The bank has about 850,000 small shareholders, most of whom received free shares when Bradford & Bingley converted from a building society in 2000.

In a normal rights issue all the discounted shares would be snapped up by shareholders keen to get a bargain.

But Bradford & Bingley's plummeting value has reversed the normal rules.

Leigh Goodwin, UK banking analyst at the bank Fox-Pitt Kelton, said: 'We cannot rule out the possibility of an effective failure with shareholders receiving little or nothing for their shares.'

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Oh how I want this shambles to go bust and many of the ******wits employed by it to become jobless. I worked there for a very short period of time and a more arrogant self-assured bunch of incompetent tossers I have never met. Yes, there were a couple of decent people, but they didn't stay long. And as an organisation, the products they sold and advertising approach they took was odious. May we soon be rid of them.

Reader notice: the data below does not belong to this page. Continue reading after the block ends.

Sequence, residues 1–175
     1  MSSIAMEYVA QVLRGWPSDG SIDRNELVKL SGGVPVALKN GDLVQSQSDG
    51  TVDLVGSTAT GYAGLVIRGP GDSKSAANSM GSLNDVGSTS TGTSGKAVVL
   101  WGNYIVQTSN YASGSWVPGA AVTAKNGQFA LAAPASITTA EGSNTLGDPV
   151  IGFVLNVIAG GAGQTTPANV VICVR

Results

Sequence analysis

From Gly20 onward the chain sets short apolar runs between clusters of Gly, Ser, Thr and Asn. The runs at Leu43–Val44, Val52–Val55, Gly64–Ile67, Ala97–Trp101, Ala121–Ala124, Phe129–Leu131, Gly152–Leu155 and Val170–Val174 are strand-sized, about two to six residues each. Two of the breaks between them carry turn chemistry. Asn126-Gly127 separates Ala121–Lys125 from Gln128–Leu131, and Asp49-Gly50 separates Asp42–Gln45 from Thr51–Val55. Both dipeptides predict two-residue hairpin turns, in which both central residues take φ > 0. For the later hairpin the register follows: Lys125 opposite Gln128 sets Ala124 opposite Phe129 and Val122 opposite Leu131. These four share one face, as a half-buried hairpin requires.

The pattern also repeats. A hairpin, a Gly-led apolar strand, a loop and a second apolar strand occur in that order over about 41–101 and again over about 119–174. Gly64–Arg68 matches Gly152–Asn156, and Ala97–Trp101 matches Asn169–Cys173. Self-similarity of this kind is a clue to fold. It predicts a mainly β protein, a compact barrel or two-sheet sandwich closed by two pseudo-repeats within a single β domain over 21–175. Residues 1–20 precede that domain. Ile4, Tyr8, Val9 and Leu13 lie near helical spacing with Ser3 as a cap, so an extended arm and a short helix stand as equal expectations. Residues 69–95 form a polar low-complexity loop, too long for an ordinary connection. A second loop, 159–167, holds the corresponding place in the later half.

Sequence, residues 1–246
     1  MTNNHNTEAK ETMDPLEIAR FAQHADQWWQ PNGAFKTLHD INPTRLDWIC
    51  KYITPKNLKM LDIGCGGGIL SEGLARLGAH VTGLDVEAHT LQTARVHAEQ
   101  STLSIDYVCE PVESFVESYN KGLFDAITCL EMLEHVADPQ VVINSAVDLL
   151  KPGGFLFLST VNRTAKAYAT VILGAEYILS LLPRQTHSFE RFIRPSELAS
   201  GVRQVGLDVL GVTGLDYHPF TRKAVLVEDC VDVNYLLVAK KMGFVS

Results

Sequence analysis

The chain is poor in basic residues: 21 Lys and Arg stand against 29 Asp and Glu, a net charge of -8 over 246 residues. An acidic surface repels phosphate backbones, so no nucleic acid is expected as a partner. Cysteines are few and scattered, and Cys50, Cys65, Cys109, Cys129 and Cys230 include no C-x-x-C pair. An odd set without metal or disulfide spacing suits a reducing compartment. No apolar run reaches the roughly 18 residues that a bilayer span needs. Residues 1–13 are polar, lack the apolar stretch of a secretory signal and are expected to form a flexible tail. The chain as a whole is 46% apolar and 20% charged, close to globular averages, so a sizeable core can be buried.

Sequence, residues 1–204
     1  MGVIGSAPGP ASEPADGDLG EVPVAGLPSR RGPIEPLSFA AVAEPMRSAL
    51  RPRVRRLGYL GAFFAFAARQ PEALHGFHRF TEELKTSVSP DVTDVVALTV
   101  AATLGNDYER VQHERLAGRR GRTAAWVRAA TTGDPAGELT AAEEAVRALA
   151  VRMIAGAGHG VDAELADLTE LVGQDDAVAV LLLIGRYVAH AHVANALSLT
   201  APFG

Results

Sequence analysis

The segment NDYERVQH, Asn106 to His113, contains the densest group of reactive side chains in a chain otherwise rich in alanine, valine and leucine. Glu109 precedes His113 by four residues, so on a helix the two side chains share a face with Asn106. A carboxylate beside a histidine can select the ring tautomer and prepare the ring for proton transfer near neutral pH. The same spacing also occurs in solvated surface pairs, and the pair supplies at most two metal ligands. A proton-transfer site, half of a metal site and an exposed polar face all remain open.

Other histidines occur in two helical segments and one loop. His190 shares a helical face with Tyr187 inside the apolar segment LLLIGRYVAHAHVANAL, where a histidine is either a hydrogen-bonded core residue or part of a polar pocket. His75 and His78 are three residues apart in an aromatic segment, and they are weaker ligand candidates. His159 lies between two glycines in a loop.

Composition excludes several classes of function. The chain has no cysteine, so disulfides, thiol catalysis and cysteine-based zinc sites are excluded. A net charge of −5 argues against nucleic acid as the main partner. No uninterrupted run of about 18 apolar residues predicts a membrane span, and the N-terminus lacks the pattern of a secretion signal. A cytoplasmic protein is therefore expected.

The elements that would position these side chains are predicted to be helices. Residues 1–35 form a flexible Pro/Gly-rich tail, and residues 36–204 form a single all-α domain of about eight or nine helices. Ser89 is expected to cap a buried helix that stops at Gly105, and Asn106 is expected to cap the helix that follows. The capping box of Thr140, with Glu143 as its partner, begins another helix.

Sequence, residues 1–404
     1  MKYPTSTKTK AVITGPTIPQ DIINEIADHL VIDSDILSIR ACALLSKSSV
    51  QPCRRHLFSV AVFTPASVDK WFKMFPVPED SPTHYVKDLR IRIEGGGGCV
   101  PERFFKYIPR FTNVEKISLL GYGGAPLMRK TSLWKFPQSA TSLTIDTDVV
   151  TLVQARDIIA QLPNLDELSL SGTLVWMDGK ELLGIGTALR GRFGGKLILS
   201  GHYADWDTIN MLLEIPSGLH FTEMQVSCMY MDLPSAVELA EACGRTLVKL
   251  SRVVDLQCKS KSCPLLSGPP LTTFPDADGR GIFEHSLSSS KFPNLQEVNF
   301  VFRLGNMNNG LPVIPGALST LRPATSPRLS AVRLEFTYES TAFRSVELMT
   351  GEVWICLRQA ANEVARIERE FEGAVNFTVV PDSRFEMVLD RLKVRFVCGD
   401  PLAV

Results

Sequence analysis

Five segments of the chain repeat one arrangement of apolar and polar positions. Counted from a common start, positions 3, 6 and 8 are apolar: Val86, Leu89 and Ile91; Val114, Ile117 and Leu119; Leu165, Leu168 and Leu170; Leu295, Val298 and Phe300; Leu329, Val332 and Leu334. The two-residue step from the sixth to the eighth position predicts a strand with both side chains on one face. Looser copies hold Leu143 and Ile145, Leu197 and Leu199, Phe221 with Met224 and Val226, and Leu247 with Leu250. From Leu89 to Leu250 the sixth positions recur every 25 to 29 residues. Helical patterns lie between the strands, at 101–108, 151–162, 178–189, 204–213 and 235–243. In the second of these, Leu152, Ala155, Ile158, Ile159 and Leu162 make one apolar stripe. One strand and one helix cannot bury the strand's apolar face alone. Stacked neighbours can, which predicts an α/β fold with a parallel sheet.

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They have promised to buy the shares which Bradford & Bingley's main underwriters, the American investment banks UBS and Citigroup, do not buy, a procedure known as ' subunderwriting'.

'subunderwriting' ......... looks like a new buzzword on the block :rolleyes:

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I worked there for a very short period of time and a more arrogant self-assured bunch of incompetent tossers I have never met.

I work with this company too & can second that.